MS KATHY Wong thought she was seeing double when she booked Jetstar Asia tickets to Bangkok earlier this month.
The sum she paid for a return air ticket was actually up to $30 lower than the $128 for extra charges- in this case, airport tax levied at both Changi and Bangkok airports and the airline's fuel surcharge.
"It's very strange when you have to pay as much or more for extra charges, compared to the cost of the air ticket itself," laments the 40-year-old administrator.
She is not alone in feeling the pinch from such costs which have gone up in the last six years.
Take the import-export company that Ms Sarah Chua works for. Its owner spent $30,000 on airfares flying within South-east Asia last year, and another $6,000 on fees like fuel surcharges and airport taxes.
"I've noticed that the extra costs have really increased over the last few years, especially fuel surcharges and airport taxes," says the 40-year-old accountant who books the flights.
Industry sources say that after the terrorist attacks of Sept 11, 2001, airports imposed new fees virtually overnight to pay for boosted security, suchas Changi Airport's $6 passenger security fee (bringing total departure tax to $21), and Singapore Airlines' $8 insurance surcharge.
Not only have these charges remained in place six years later, but they are set to get heftier.
From next month, airlines flying to and out ofAustralia have to pay a security charge, from A$3.71 (S$5) for Brisbane Airport to A$5 at Sydney International airport. Right now, there is no such charge being levied.It remains to be seen if the cost will be passed on to passengers.
"This is not revenue to Brisbane Airport Corporation.
Security is conducted on behalf of the Australian Federal Government and is a cost-recovery charge," Mr Ben James, air development manager for Brisbane Airport Corporation, tells Life!.
A return trip on SIA from Singapore to Sydney will now include about $323 in surcharges. This is the breakdown - $21 and $50 for Singapore and Australia departure taxes respectively, $56 for Sydney Airport's charges, and SIA's $179 fuel surcharge and $17 insurance surcharge.
Multiply this for a family of four, and it adds up to $1,292, on top of the return economy airfare of $4,800.
Political uncertainties, especially in the Middle East, have meanwhile led to a spike in jet-fuel prices,from about US$30 per barrel at the start of 2004to almost US$90 (S$138) last month, according to the International Air Transport Association.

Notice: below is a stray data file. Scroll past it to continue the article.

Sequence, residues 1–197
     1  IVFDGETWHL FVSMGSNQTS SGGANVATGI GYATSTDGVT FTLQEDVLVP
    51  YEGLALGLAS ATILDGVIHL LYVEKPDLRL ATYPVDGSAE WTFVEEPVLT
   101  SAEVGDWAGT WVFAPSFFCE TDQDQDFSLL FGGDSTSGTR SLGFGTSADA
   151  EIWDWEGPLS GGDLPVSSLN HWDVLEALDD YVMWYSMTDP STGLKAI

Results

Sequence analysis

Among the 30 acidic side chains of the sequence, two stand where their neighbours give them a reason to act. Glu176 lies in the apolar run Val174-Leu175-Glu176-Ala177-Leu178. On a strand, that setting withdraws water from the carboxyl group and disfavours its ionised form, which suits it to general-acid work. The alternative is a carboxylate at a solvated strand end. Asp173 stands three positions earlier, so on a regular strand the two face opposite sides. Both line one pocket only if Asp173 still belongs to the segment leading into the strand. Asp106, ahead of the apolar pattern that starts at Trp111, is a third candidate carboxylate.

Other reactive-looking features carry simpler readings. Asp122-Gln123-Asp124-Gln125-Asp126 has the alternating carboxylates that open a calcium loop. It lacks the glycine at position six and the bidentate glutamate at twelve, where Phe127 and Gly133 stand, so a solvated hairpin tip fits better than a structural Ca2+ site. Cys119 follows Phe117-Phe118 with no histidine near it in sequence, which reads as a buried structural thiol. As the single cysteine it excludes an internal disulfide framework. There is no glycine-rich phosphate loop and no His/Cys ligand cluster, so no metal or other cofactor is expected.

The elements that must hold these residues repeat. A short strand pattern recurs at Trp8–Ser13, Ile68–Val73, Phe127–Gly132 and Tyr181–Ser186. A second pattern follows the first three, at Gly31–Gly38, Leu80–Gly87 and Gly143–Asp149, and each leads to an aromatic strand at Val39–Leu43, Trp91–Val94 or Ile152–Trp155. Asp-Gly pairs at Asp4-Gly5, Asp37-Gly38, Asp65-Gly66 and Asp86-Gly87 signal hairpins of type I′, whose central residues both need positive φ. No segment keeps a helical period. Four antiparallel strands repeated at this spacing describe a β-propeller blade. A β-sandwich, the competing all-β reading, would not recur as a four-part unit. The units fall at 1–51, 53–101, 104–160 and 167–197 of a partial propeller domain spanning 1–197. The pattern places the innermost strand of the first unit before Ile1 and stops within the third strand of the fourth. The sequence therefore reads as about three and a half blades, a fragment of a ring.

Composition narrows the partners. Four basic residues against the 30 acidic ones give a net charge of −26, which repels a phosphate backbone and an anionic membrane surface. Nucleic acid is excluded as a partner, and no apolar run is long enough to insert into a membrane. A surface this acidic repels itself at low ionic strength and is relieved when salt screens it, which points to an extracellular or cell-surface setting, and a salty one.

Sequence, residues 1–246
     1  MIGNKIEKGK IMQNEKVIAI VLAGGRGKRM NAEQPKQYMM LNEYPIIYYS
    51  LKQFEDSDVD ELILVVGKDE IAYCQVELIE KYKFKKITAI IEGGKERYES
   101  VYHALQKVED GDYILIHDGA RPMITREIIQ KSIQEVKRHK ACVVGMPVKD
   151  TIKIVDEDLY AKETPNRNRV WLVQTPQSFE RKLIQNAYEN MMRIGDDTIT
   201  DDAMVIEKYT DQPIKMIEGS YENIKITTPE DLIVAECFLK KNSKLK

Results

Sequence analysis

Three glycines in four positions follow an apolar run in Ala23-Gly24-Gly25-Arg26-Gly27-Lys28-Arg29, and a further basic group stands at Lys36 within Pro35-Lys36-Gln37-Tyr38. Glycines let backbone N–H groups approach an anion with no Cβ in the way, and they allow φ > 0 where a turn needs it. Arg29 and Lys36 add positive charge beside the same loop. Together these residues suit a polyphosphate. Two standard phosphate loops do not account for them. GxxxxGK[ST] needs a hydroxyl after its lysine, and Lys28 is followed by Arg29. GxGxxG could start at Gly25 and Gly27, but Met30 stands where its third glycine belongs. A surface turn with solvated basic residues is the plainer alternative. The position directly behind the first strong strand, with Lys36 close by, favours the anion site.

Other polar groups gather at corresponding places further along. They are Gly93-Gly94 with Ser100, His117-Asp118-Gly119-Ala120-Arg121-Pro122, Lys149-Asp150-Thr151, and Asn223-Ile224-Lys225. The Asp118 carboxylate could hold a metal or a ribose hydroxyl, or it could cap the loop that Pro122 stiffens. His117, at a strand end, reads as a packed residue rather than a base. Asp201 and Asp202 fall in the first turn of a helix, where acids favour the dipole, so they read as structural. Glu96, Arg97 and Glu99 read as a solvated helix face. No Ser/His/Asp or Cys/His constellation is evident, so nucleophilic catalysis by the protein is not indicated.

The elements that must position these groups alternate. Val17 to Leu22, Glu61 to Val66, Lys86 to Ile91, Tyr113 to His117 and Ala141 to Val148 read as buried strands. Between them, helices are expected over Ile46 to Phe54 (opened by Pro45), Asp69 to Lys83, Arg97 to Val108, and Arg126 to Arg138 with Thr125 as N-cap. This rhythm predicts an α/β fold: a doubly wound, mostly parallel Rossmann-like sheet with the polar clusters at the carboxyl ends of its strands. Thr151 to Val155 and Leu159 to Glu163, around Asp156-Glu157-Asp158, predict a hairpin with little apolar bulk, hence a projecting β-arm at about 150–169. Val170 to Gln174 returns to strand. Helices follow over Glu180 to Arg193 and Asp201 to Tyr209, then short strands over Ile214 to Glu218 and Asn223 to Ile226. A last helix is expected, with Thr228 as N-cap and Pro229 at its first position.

SIA has upped its fuel surcharges eight times since 2004, from a flat fee of US$5 per sector to the current US$20 for regional flights and US$89 for destinations in the United States and Canada.
A sector is defined as a journey for which a passenger holds a ticket.
Mr Stephen Forshaw, SIA's vice-president of public affairs, says the fuel surcharge "recovers about 50 to 60 per cent" of the additional cost of jetfuel.
Other airlines are also raising fees. Just two weeks ago, British Airways announced a £5 (S$15.30) fuel surcharge hike for long-haul flights,bringing it to £38 for flights less than nine hours long and £43 for the rest.
And then there is the matter of airport taxes which further lighten your wallet.
Take London's Heathrow airport. Its air passenger duty was doubled in February this year to £40and £80 for destinations outside Europe, in economy and business classes respectively.
But industry sources also note that since Singaporeans love to travel these days, rising costs have not seriously dented vacation plans.
Mr Honvie Chang, for instance, visited China,Korea and Hong Kong last year. An SIA devotee,he and his wife would have paid about $1,168 in taxes and surcharges alone for flights to these three countries.
"If it's a holiday, and you need to go somewhere,then you don't really have a choice," says Mr Chang, 35, a product marketing manager, who is taking these increases in his stride.
Many others share his sentiments, for the number of passengers using Changi Airport has increased,from 28.1 million in 2001 to 35 million last year, dipping only in 2003 because of Sars.